Each year, Hei Neak Ta ushers in welcomed guests
Pen Ratha moonlighted at an unusual job last weekend: translating for a spirit.
“Sometimes our spirit speaks Vietnamese and sometimes he speaks Chinese. So I’m his Vietnamese translator, and he has another guy who does the Chinese,” he explained.
His spirit–a bone-thin local teenager–sat nearby in a chair, shaking himself out of a religious trance that had engulfed him for the past few hours. When the boy is not possessed, he speaks only Khmer.
Mr Ratha and the rest of the spirit’s extensive entourage hovered protectively over him, offering water, towels and sports drinks as he came to.
The spirit declined to be interviewed, citing exhaustion.
Mr Ratha, his spirit and hundreds of others were celebrating Hei Neak Ta, or the spirit parade, an ebullient Sino-Khmer affair that paints the streets of Meanchey district red and yellow for three days every year and slows traffic to a crawl.
About two weeks after Chinese New Year, residents line National Road 2 south of the Monivong Bridge, setting up elaborate makeshift home altars heaped with fruit, candy, incense sticks and bowls of water.
Then the spirits come.
They parade up and down the road, enthroned in dozens of bedizened floats sponsored by different Chinese groups and associations. They stop at every altar along the way so that the crazed-looking spirits, flanked by an advance team of swordsmen and whistle-blowing traffic controllers, can rush up, sprinkle the worshippers with water, mumble a blessing, distribute a few yontras, and rush away again.
Each Neak Ta is embodied by someone who has formally offered himself up to the spirit world for possession. Once possessed, the spirit-men cut their tongues and faces and smear the ensuing blood on lucky scraps of paper called yontras, which are distributed to the excited throngs. The most daring Neak Tas pierce their mouths and cheeks with large spikes.
No wonder they look a little woozy by the end of the three-day festival.
“Being possessed by a spirit is like when we are asleep,” said 26-year-old Vibol, who was emerging from a trance on Saturday afternoon as his crew rubbed down his limbs and fanned him with a towel. Sleepy-eyed and sluggish, Vibol said he had been possessed by the spirit of a young boy named Ly Nacha Santhaichiv for the past few hours.
“I don’t know how long it’s been, but before the spirit comes out of us he tells us he will come out,” he said.
Ouk Sothsen, chairman of the Cambodian-Chinese Association of Meanchey district, said this year’s Hei Neak Ta was the largest ever, some 50 percent bigger than last year’s.
“It’s a Cambodian-Chinese citizen’s custom which is conducted annually,” he said. “I have seen it since I was born. The major reasons for it are to keep us gathering together, keep unity and help each other.”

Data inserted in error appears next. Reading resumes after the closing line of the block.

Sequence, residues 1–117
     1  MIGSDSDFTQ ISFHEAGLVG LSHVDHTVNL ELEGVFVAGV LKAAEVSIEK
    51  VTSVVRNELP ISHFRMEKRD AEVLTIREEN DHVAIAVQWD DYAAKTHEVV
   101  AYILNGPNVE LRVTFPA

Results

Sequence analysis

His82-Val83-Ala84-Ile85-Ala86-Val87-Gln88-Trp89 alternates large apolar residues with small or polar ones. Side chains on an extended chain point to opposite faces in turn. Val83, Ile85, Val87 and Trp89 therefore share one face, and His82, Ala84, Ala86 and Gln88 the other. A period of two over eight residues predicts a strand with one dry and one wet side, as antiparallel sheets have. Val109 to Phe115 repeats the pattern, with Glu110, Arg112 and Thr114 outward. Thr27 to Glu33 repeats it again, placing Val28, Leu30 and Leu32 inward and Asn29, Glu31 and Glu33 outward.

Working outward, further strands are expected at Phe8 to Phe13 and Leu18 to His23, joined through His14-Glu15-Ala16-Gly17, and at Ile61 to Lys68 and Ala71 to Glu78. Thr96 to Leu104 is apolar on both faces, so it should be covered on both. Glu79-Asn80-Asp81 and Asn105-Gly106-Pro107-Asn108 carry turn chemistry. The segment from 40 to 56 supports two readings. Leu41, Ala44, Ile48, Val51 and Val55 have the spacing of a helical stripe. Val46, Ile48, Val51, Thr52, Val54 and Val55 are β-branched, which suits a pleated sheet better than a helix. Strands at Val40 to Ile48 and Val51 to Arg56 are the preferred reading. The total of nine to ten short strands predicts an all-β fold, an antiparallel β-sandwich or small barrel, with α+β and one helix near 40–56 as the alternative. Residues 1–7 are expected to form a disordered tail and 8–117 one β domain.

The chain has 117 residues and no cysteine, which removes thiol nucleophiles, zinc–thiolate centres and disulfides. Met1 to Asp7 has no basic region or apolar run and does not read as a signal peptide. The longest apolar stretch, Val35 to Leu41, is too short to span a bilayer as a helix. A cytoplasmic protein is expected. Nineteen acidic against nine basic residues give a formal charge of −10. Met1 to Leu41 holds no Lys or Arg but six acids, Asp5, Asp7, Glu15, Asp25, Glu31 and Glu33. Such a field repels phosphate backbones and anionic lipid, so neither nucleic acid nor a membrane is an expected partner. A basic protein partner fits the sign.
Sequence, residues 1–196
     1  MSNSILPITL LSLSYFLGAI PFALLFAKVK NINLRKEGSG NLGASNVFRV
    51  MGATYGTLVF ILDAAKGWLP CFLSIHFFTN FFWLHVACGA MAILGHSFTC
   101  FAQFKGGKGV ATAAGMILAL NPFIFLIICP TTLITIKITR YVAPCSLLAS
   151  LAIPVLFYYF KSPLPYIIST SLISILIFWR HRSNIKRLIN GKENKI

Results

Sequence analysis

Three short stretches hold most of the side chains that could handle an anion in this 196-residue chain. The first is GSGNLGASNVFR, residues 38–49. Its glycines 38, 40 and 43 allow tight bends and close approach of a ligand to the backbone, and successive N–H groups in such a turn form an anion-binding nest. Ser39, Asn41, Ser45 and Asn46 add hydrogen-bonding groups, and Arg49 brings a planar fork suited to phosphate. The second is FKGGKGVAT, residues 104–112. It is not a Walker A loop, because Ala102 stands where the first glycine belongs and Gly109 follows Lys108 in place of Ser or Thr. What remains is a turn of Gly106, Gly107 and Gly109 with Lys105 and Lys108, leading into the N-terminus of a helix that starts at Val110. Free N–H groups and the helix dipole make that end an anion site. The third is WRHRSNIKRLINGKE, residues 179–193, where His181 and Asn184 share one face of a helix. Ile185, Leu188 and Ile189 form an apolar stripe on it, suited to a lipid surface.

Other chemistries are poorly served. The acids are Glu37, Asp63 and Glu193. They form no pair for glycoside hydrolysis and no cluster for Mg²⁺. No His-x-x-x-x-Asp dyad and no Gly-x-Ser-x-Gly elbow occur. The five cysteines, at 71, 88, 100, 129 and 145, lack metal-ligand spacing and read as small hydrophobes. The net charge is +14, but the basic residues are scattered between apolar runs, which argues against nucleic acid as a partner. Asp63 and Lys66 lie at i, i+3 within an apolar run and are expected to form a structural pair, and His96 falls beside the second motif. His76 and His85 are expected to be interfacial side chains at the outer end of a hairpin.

“We’ve stood here two hours now for the spirits,” said Lim Thor, 65, gathered in front of her family’s shop with three generations of women, all dressed in red blouses. “It brings us happiness and good luck.”
They kneeled behind their altar with grins and closed eyes every time a Neak Ta pranced by and sprinkled them lavishly with water. After five or six blessings, they were happily soaked.
Across the street, Huy Ay was carefully counting her yontras, setting aside the ones marked with particularly garish streaks of blood. Those are the luckiest.
“These yontras with the blood from the mouths of the possessed are especially lucky, and we can put them above our doors or just keep them with us when we’re traveling to keep us safe,” she said.
“I heard there are around 60 possessed spirits this year, and I have at least one from each spirit,” she said. “I haven’t counted exactly how many came here, but it’s a lot.”
In addition to the household altars, a larger “spirit house” (usually a big tent) is also erected in every neighborhood to pay tribute to the resident Neak Ta. Every spirit is expected to make a stop there and give a special performance to the dozens of locals cramming the tent and peeking through every crack in the fabric. The bigger the spikes implanted in his face, the more enthusiastic reception a Neak Ta receives.
As the evening wore on, Nguyen Tam, 30, a member of a Vietnamese spirit’s entourage, rested on his haunches outside a Chinese temple. His shirt was streaked with rust-colored stains. One of his jobs that day had been to help smear hundreds of yontras with blood from his spirit’s tongue.
“My job is to help the spirit prepare to go around to everyone’s house,” he said. “I have done this for several years now, and I like it a lot–it’s a very crowded and very happy time.”